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Genetic characterization of Zostera asiatica on the Pacific coast of North America
Talbot, S.L.; Wyllie-Echeverria, S.; Ward, D.H.; Rearick, J.R.; Sage, G.K.; Chesney, B.; Phillips, R.C. (2006). Genetic characterization of Zostera asiatica on the Pacific coast of North America. Aquat. Bot. 85(3): 169-176. dx.doi.org/10.1016/j.aquabot.2006.03.011
In: Aquatic Botany. Elsevier Science: Tokyo; Oxford; New York; London; Amsterdam. ISSN 0304-3770, more
Peer reviewed article  

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Keywords
    Zostera asiatica Miki, 1932 [WoRMS]; Zostera (Zosterella) japonica Ascherson & Graebner, 1907 [WoRMS]; Zostera (Zostera) marina Linnaeus, 1753 [WoRMS]

Authors  Top 
  • Talbot, S.L.
  • Wyllie-Echeverria, S.
  • Ward, D.H.
  • Rearick, J.R.
  • Sage, G.K.
  • Chesney, B.
  • Phillips, R.C.

Abstract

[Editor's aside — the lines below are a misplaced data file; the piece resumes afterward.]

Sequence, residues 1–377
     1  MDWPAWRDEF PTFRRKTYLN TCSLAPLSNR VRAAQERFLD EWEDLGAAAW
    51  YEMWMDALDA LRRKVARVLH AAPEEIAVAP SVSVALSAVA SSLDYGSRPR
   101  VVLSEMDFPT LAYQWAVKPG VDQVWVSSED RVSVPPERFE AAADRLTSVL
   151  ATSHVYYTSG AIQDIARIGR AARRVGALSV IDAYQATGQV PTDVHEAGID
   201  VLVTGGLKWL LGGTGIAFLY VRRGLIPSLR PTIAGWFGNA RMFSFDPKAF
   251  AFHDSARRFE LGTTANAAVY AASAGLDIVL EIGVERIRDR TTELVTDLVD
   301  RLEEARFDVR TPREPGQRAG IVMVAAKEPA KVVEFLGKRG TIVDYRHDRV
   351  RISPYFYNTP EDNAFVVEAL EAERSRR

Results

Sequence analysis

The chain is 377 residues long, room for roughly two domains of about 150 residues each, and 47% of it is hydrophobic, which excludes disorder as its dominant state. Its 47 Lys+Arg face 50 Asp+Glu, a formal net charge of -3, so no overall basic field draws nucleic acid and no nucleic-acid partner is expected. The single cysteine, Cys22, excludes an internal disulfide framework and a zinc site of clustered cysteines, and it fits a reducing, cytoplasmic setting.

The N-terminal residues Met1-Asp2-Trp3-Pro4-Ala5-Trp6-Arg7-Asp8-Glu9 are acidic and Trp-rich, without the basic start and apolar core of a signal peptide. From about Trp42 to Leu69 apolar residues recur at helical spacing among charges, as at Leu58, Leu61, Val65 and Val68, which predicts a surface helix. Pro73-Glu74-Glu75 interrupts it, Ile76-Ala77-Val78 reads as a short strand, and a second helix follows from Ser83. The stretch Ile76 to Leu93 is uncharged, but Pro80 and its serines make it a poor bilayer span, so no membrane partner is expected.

We gathered sequence information from the nuclear 5.8S rDNA gene and associated internal transcribed spacers, ITS-1 and ITS-2 (5.8S rDNA/ITS), and the chloroplast maturase K (matK) gene, from Zostera samples collected from subtidal habitats in Monterey and Santa Barbara (Isla Vista) bays, California, to test the hypothesis that these plants are conspecific with Z. asiatica Miki of Asia. Sequences from approximately 520 base pairs of the nuclear 5.8S rDNA/ITS obtained from the subtidal Monterey and Isla Vista Zostera samples were identical to homologous sequences obtained from Z. marina collected from intertidal habitats in Japan, Alaska, Oregon and California. Similarly, sequences from the matK gene from the subtidal Zostera samples were identical to matK sequences obtained from Z. marina collected from intertidal habitats in Japan, Alaska, Oregon and California, but differed from Z. asiatica sequences accessioned into GenBank. This suggests the subtidal plants are conspecific with Z. marina, not Z. asiatica. However, we found that herbarium samples accessioned into the Kyoto University Herbarium, determined to be Z. asiatica, yielded 5.8S rDNA/ITS sequences consistent with either Z. japonica, in two cases, or Z. marina, in one case. Similar results were observed for the chloroplast matK gene; we found haplotypes that were inconsistent with published matK sequences from Z. asiatica collected from Japan. These results underscore the need for closer examination of the relationship between Z. marina along the Pacific Coast of North America, and Z. asiatica of Asia, for the retention and verification of specimens examined in scientific studies, and for assessment of the usefulness of morphological characters in the determination of taxonomic relationships within Zosteraceae.

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